Peace-building for the long haul
In a country that’s undergone significant conflict and a multifaceted civil war (1975-1990), Lebanese people have an annual rallying point to promote peace. Last weekend, thousands gathered for it, running in the 16th Beirut Marathon.
The usually jammed streets of northern Beirut gave way to runners from around the world. In the Women’s Marathon, Medine Deme Armino and Seiamawit Getnet Tsegaw from Ethiopia finished first and third, with Nazriet Welda Gebrehiwet coming second. The Men’s Marathon was won by Mohamed Reda El Aaraby from Morocco, with Felix Chemonges from Uganda and Deresa Geleta from Ethiopia coming third.
El Aaraby, who was elated to have won, said: ‘All sports can help bring the world together in peace.’
Among the competitors were several ambassadors to Lebanon, runners from Bosnia, Brazil, Serbia, Lithuania, Poland, the UK, US, and a contingent of UN Peacekeepers from Malaysia who were serving with United Nations Interim Force In Lebanon (UNIFIL).
The Beirut Marathon was founded by May El-Khalil, an entrepreneur who moved back to Lebanon following the civil war and then had a near-fatal collision with a van in 2001. She spent nearly two years in hospital recovering from her injuries.
‘I underwent 36 surgeries. During my recovery time I felt that I needed something to help get me out of my ordeals. Lebanon, as well, was broken,’ she explained. ‘The idea of bringing us together under the umbrella of peace gave me the energy to fight and make this event happen.’
May believes bringing people together can be translated into more meaningful peace-building for the nation.
‘It was not an easy thing to bring [together] those who were once fighting and killing each other and ask them to run next to each other… In 2003, we had an amazing number of people who came dressed in white; they left all their political slogans at home and they came united.’
Local charities, as with many marathons, use it as a way to raise money. Hana Nimer founded an NGO called SAID following the death of her husband from colon cancer. She said ‘This cancer can be prevented but there is no awareness in Lebanon about it.’ Aged 58, this is her first marathon.
The parathletic men’s race was an all-Lebanese finish with Ahmad Al Ghoul, Edward Maalouf and Hassan Dia finishing first, second and third. The women’s parathletic marathon winner, Anna Orozoua from Slovakia clocked a time nearly three minutes ahead of the men. She was followed by the British athlete Elizabeth Mcternan and Mona Francis from Lebanon.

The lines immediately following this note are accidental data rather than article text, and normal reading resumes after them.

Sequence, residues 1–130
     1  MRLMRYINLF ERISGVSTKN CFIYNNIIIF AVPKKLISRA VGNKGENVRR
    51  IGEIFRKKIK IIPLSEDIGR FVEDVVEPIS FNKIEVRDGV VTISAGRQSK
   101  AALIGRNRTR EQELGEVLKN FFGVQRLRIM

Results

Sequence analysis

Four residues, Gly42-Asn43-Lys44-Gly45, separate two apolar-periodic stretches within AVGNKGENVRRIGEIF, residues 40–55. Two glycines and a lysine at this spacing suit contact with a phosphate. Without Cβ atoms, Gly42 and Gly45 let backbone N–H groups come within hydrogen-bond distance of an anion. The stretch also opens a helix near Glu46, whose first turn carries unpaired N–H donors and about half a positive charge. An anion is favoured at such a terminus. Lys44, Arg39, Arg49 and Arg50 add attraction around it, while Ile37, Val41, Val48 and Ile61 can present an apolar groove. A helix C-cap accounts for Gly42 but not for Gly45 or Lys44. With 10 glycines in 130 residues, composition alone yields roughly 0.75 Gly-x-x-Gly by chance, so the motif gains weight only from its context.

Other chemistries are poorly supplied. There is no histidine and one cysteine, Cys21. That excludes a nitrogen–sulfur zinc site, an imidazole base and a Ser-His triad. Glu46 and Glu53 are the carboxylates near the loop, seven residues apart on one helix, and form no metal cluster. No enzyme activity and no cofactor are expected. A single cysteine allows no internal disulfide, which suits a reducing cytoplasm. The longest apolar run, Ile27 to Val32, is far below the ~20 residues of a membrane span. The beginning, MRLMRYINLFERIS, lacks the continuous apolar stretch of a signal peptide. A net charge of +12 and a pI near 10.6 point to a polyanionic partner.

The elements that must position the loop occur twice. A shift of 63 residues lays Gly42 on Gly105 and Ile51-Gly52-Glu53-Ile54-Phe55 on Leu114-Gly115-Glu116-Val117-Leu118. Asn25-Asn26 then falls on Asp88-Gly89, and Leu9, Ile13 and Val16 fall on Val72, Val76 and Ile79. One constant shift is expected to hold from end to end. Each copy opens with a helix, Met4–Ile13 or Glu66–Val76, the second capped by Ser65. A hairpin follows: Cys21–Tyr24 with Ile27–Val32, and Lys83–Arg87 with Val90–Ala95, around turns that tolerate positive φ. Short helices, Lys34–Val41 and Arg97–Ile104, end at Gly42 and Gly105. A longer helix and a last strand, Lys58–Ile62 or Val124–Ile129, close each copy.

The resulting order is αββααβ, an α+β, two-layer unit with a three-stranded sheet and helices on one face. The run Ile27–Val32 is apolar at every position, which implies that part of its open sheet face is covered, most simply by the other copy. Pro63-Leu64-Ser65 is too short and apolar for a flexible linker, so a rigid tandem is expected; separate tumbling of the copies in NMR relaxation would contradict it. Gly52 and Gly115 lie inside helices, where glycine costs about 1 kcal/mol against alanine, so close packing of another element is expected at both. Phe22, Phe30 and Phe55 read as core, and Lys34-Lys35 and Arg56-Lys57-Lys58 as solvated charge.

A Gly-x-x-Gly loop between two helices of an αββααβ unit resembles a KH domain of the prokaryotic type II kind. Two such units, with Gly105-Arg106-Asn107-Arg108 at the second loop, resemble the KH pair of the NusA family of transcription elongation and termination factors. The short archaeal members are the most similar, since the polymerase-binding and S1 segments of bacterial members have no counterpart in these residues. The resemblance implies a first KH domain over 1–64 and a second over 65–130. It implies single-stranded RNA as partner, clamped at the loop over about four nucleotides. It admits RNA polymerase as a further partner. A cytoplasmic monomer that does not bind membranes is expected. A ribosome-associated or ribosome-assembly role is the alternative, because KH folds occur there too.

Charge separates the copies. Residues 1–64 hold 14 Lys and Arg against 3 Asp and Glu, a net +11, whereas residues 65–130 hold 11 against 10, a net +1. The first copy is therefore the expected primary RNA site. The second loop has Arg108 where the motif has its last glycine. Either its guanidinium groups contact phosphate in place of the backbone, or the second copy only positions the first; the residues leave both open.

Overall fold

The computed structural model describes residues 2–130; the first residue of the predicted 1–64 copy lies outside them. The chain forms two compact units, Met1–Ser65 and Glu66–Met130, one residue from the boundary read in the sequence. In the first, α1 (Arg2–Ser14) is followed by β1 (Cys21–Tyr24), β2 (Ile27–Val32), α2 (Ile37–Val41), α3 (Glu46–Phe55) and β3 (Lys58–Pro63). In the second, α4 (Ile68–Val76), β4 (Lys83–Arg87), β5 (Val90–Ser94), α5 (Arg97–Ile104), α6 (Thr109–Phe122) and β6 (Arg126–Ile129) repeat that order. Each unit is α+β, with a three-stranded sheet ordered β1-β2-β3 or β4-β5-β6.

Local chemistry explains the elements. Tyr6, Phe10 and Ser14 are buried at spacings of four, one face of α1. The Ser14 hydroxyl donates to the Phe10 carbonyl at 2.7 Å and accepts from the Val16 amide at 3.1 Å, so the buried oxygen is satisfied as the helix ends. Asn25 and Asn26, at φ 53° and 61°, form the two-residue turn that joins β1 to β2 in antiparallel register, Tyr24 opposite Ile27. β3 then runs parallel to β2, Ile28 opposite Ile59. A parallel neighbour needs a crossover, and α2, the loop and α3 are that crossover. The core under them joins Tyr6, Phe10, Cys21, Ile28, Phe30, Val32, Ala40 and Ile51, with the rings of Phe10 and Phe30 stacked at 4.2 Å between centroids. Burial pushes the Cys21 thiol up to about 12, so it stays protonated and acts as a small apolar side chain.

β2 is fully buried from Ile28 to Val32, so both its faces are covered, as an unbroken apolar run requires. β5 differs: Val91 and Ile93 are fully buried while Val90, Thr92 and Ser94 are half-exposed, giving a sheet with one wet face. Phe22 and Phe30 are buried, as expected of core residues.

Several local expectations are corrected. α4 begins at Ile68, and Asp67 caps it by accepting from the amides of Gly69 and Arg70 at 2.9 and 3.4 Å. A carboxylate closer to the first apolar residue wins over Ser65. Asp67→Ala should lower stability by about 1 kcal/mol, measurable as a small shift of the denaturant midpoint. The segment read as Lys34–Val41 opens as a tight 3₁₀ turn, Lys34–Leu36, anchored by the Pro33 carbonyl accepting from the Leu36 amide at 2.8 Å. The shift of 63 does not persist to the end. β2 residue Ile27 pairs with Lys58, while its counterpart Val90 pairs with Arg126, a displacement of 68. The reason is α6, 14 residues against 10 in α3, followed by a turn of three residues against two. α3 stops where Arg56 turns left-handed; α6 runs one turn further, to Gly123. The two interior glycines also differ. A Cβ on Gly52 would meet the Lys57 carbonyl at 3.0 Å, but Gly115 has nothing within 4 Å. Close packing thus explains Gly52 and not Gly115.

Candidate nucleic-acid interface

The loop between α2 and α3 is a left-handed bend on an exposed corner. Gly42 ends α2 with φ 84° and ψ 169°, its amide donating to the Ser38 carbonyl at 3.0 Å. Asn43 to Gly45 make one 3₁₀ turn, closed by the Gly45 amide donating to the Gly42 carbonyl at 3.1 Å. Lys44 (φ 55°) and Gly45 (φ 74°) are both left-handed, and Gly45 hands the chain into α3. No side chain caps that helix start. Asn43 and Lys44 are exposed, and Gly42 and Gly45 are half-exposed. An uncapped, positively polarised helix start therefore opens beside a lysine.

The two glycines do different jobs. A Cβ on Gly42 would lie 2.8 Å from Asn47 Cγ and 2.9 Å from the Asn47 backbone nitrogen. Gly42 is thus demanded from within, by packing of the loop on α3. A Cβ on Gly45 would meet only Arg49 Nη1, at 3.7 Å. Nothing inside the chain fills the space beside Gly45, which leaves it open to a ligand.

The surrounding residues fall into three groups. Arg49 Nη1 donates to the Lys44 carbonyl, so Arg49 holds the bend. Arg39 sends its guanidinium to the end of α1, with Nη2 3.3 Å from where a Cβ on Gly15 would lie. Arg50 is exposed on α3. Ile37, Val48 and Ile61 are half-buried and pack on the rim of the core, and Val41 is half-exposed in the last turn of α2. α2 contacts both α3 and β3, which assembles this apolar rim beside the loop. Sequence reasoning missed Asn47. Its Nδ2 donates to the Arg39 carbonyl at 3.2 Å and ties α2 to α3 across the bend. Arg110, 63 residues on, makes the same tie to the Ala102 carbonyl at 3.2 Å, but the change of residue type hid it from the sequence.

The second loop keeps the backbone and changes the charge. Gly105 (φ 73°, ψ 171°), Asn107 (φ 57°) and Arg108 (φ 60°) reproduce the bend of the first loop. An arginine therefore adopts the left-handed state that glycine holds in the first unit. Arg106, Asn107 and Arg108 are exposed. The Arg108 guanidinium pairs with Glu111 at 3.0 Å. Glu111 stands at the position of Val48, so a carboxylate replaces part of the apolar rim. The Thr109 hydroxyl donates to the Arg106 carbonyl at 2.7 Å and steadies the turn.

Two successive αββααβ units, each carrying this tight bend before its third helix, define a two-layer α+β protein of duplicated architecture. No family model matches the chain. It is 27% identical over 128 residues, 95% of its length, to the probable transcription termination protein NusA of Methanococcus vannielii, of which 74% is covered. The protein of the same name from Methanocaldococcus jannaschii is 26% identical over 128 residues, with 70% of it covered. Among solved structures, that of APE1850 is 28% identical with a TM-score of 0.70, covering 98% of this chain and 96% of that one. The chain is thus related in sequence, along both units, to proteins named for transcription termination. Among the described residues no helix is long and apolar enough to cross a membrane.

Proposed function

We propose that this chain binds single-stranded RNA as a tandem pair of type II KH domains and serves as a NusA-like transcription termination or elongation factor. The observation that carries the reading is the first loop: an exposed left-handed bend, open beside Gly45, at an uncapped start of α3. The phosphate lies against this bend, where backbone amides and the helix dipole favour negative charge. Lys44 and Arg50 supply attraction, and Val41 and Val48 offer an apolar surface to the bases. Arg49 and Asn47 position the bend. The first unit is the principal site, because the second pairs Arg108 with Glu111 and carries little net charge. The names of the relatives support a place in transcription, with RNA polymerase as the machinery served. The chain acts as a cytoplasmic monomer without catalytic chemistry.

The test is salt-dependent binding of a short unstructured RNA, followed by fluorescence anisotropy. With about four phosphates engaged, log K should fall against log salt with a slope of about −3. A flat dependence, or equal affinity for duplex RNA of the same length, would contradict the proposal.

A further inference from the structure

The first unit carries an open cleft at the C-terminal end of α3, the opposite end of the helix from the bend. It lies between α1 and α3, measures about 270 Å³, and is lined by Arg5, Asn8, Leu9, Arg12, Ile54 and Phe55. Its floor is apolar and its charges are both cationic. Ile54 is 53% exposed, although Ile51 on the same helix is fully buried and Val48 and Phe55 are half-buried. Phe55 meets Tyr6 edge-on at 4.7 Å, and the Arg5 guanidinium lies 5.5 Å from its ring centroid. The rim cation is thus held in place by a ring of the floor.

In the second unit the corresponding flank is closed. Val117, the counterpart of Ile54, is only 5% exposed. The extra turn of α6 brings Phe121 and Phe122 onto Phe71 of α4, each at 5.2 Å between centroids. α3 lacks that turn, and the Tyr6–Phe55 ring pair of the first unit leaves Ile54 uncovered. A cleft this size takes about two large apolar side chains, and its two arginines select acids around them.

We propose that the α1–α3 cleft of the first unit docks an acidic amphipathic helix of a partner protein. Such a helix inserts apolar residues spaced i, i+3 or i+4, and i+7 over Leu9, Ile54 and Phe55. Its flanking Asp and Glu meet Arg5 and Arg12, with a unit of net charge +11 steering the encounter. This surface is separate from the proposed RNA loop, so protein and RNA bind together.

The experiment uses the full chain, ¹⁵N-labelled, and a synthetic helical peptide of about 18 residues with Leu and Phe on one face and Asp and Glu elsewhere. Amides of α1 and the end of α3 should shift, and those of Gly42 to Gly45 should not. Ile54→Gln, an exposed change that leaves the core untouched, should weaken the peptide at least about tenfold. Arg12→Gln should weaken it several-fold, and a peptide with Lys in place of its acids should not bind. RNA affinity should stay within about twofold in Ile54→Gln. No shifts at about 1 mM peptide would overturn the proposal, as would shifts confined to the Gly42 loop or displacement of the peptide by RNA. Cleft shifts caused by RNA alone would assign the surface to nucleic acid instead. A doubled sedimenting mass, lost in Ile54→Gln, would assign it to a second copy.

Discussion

The route of the marathon goes through parts of the city that were once impossible, or at least very dangerous, to cross. Runners start from the seafront Corniche area, where the old Holiday Inn building has been left as a monument to the civil war. The conflict saw Beirut divided between the Muslim east and Christian west along the Green Line.
The seafront area has since become the centre of a transformed Beirut, with old buildings controversially replaced by more upmarket housing, restaurants and shops as part of the ‘Solidere’ regeneration scheme. Several of the local shop-workers were sceptical about the marathon and other races, saying it makes it difficult for them to get into work on time.
From there, the runners travel west along the coastal path and then back into the city, through Mar Mikhael, the traditionally Armenian area of Bourj Hammoud, originally settled by refugees a hundred years ago. Since then Lebanon has hosted refugees from Palestine and most recently from the conflict in Syria.
The marathon route does not go south towards the Palestinian refugee camps, heading further east and turning round the relatively less complicated northern part of the city, which perhaps shows there is still work to be done to bring together all of Lebanon’s communities.
Across the other side of the city in the metropolitan area of Hamra and into downtown Beirut, a series of shorter community runs and walks also took place. These community runners opted for a one, five or eight kilometre run or walk. One of the aims of the organizers – the Beirut Marathon Association – is to step up these runners into the half-marathon and full marathon through a training programme.
James Thie from Cardiff Metropolitan University ran the half marathon but is here mainly as a coach on this programme. He said: ‘It is so inspiring. These people go from often total inactivity to completing one of the toughest challenges in running. What is really special is they create a community around it.’
At the finish line in Martyrs’ Square, thousands of finishers, friends, family and strangers cheer for the runners and recover from their races. Young people are particularly out in force, with many volunteering to staff the water stations and stewarding the event.
‘We’re doing a water station so we can cheer up people,’ said volunteers Rayane and Keren at the 20 kilometre mark. ‘They can run and they can feel free of cars and pollution. All of the city is together.’
By mid-afternoon the roads are open again and traffic resumes as the runners filter back along the streets to cafes and their homes for lunch and a shower. The marathon might promote unity in this city, but there are still challenges: the legacy of the civil war, the impact of the Syrian conflict and ensuring that the poorest and most marginalized people feel the benefits of development. As May El-Khalil says, ‘Peace-making is not a sprint, it is more of a marathon.’
Additional reporting provided by Baraa Seraj Aldin.
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